Healthier Hannukah

As most of you know, the holiday of Hannukah is all about oil. So, the foods that we eat during this time are fried and oily. This year we decided that we wanted to try and have a more healthier Hannukah. We did have potato pancakes, but I thought we should try a lower carbohydrate latke that wouldn’t make us feel like we were missing out on having yummy carbohydrate-laden potato latkes.

I decided to make cauliflower latkes. Okay, you don’t quite get the crunch of a regular potato latke, but they were very good. They certainly tasted like potato latkes because I put most of the same ingredients that I put in the potato version. My husband gives them a high rating and so do I.

Cauliflower Latkes
Servings: 20 latkes
  • 1 about 1kg or 2 pounds large cauliflower, trimmed and chopped into 1-inch pieces
  • 1 medium onion finely chopped
  • 2 tablespoons vegetable oil
  • 1/2 cup seasoned bread crumbs or whole wheat breadcrumbs
  • 1 teaspoon fresh or 1/4 teaspoon dry thyme
  • 2 tablespoons minced fresh parsley
  • 2 green onions sliced, including the green part
  • 2 large eggs lightly beaten
  • Salt to taste
  • Freshly ground pepper to taste
  • 4 Tablespoons vegetable oil for frying
  1. Steam the cauliflower until tender, but not mushy. Mash to the consistency of mashed potatoes with 1/4-inch lumps. Drain any excess moisture.
  2. Meanwhile, gently saute onions in vegetable oil over medium-low heat until soft and lightly browned, about 10 minutes. Remove from heat and let cool about 5 minutes.
  3. Combine the mashed cauliflower, sauteed onions, bread crumbs, thyme, parsley, green onion, eggs, salt, and pepper with a wooden spoon.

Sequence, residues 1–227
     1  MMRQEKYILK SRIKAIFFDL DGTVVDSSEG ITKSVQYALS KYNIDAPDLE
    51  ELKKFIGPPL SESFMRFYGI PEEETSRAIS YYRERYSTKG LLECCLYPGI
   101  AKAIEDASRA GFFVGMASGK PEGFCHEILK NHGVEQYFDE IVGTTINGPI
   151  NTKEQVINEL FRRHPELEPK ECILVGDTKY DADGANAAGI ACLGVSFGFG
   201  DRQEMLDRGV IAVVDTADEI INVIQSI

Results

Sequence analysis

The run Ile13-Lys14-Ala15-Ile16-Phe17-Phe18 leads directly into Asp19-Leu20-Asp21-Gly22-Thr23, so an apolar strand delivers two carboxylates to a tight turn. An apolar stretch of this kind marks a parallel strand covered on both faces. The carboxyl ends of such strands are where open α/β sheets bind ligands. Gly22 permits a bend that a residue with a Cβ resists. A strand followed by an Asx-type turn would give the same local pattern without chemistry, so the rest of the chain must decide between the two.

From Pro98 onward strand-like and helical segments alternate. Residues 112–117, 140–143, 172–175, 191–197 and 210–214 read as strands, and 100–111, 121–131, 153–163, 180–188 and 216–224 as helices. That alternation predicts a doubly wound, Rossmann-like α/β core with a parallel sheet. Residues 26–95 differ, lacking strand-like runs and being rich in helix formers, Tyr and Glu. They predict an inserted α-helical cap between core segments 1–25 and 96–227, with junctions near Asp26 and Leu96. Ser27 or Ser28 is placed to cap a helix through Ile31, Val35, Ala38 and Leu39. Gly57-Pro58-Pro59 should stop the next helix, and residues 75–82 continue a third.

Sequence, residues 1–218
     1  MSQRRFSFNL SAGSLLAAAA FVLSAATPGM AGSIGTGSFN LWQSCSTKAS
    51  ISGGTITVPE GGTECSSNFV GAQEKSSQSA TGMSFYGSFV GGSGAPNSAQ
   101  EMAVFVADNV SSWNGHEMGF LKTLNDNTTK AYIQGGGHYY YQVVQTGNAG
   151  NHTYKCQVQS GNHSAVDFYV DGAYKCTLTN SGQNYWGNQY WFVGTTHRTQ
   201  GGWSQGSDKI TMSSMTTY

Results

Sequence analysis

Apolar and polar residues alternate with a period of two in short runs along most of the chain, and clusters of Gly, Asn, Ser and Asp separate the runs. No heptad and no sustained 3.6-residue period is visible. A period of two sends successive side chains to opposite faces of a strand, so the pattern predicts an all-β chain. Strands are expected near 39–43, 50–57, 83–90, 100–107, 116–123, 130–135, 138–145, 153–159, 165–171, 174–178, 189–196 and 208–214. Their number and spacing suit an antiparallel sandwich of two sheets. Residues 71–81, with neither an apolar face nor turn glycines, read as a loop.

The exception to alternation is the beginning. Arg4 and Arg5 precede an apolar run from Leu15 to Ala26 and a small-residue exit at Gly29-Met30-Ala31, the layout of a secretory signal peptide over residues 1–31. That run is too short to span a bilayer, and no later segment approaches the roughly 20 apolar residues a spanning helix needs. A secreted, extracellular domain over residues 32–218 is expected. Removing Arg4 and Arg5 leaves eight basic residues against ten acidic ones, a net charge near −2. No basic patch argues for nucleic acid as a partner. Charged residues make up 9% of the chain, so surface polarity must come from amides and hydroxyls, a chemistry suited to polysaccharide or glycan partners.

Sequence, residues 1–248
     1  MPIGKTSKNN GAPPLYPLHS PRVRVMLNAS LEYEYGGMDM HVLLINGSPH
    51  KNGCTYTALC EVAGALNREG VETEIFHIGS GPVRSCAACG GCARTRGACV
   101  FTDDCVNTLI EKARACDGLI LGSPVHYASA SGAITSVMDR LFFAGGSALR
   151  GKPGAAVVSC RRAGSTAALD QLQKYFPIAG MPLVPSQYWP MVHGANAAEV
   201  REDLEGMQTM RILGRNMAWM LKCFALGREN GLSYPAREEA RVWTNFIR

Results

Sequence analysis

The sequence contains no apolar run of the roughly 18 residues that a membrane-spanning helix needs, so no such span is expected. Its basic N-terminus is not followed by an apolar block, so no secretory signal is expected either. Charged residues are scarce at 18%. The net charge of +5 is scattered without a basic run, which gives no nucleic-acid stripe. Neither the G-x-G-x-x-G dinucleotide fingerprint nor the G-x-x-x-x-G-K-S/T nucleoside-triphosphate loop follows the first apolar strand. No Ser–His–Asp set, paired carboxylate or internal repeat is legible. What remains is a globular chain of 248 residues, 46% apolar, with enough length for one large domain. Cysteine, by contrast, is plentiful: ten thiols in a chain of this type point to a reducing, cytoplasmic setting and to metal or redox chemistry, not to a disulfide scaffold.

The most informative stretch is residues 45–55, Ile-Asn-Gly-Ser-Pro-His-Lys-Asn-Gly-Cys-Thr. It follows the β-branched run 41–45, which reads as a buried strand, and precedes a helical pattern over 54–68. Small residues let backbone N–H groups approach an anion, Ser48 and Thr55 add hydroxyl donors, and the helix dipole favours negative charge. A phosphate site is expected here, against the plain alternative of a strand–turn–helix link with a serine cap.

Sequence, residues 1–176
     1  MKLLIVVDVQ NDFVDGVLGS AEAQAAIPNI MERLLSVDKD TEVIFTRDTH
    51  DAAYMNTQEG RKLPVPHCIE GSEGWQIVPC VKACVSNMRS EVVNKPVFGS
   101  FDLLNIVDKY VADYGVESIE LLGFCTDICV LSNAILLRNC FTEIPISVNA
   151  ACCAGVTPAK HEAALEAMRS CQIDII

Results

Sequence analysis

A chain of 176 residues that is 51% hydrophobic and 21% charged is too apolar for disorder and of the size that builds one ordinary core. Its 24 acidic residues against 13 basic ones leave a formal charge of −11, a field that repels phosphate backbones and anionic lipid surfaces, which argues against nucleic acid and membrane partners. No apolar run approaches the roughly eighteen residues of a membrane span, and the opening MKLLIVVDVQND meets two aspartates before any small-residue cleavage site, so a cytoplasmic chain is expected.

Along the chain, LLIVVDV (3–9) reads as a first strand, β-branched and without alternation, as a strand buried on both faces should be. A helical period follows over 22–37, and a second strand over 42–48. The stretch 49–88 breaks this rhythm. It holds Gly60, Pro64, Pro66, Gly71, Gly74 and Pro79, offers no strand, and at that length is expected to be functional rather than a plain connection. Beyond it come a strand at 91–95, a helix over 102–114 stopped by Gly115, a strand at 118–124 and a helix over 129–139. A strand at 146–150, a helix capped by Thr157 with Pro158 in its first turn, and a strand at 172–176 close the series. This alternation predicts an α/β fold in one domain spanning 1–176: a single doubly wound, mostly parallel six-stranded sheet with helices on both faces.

4. Heat about 4 tablespoons of oil in a deep skillet.
  5. Scoop out a heaping tablespoon of the cauliflower mixture into your hands and compress into a patty about 1/2-inch thick. Place patty in hot oil to fry. Repeat with remaining cauliflower, cooking 4 to 5 patties at a time, flipping when golden on the first side. Do not crowd pan or they will not brown and crisp properly. Drain cauliflower latkes on paper towels and keep warm in the oven at 250 F. until all are completed.

Italian Hannukah

The first night of Hannukah we were invited to a friend’s house to celebrate with their family. We had a nice meal of mushroom soup, potato latkes, butternut squash and curry latkes, salad, homemade Merlot wine and peapod wine. It was a delicious dinner.

I volunteered to bring dessert and instead of bringing soufganyiot, I decided to make an Italian holiday dessert, Panettone in honor of my Italian ancestry. A couple of years ago, I found an interesting take on this sweet bread which is usually made with raisins and candied fruit. The one I made is called Cranberry Pistachio Panettone. It is an eggy, buttery sweet bread, but not too sweet. I like it better than the panettone I used to buy in Milano and Lugano. It is really easy to make, just a little time consuming because of the rising time, but well worth the wait. You can freeze it, just make sure you wrap it well.

I baked it in a tall, narrow cooking pot that I use to cook pasta or asparagus. If you can find a paper panettone form, then use that. I could find one in any of the baking shops. You can also be decadent and make this with dried tart cherries instead of cranberries.

Happy Hannukah!

I would like to wish everyone Chag Hannukah Sameach! Happy Hannukah!

I have a lot of catching up to do. I am going to interrupt the Italy posts and write about Hannukah. There will be lots of frying and a few goodies to post about in the next few days.  I am making Hannukah goodies from Italy, Morocco and Germany.

So, watch this space …. I will be posting every night starting tomorrow.

Related Posts with Thumbnails